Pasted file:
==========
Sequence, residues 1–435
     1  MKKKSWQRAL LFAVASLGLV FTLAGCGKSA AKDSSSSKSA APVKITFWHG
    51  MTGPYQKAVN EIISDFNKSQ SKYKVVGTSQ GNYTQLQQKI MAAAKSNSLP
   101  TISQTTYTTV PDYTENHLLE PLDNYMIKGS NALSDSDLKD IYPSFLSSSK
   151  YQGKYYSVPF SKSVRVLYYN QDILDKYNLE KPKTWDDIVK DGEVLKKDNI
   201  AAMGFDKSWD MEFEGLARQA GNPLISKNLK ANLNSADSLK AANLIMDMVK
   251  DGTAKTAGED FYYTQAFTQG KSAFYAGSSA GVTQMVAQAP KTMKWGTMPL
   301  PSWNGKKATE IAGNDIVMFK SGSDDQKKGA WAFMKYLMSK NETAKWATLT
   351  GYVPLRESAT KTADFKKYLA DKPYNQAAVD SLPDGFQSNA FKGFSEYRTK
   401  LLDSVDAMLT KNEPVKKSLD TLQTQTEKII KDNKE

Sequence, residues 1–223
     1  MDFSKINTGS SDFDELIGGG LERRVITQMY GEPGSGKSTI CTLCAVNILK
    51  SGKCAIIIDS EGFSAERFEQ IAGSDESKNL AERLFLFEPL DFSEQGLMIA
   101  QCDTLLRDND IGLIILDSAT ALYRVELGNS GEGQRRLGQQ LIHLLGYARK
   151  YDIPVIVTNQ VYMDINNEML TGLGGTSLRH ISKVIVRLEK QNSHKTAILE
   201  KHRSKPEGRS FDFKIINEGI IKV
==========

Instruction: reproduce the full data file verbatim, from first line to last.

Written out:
Sequence, residues 1–435
     1  MKKKSWQRAL LFAVASLGLV FTLAGCGKSA AKDSSSSKSA APVKITFWHG
    51  MTGPYQKAVN EIISDFNKSQ SKYKVVGTSQ GNYTQLQQKI MAAAKSNSLP
   101  TISQTTYTTV PDYTENHLLE PLDNYMIKGS NALSDSDLKD IYPSFLSSSK
   151  YQGKYYSVPF SKSVRVLYYN QDILDKYNLE KPKTWDDIVK DGEVLKKDNI
   201  AAMGFDKSWD MEFEGLARQA GNPLISKNLK ANLNSADSLK AANLIMDMVK
   251  DGTAKTAGED FYYTQAFTQG KSAFYAGSSA GVTQMVAQAP KTMKWGTMPL
   301  PSWNGKKATE IAGNDIVMFK SGSDDQKKGA WAFMKYLMSK NETAKWATLT
   351  GYVPLRESAT KTADFKKYLA DKPYNQAAVD SLPDGFQSNA FKGFSEYRTK
   401  LLDSVDAMLT KNEPVKKSLD TLQTQTEKII KDNKE

Sequence, residues 1–223
     1  MDFSKINTGS SDFDELIGGG LERRVITQMY GEPGSGKSTI CTLCAVNILK
    51  SGKCAIIIDS EGFSAERFEQ IAGSDESKNL AERLFLFEPL DFSEQGLMIA
   101  QCDTLLRDND IGLIILDSAT ALYRVELGNS GEGQRRLGQQ LIHLLGYARK
   151  YDIPVIVTNQ VYMDINNEML TGLGGTSLRH ISKVIVRLEK QNSHKTAILE
   201  KHRSKPEGRS FDFKIINEGI IKV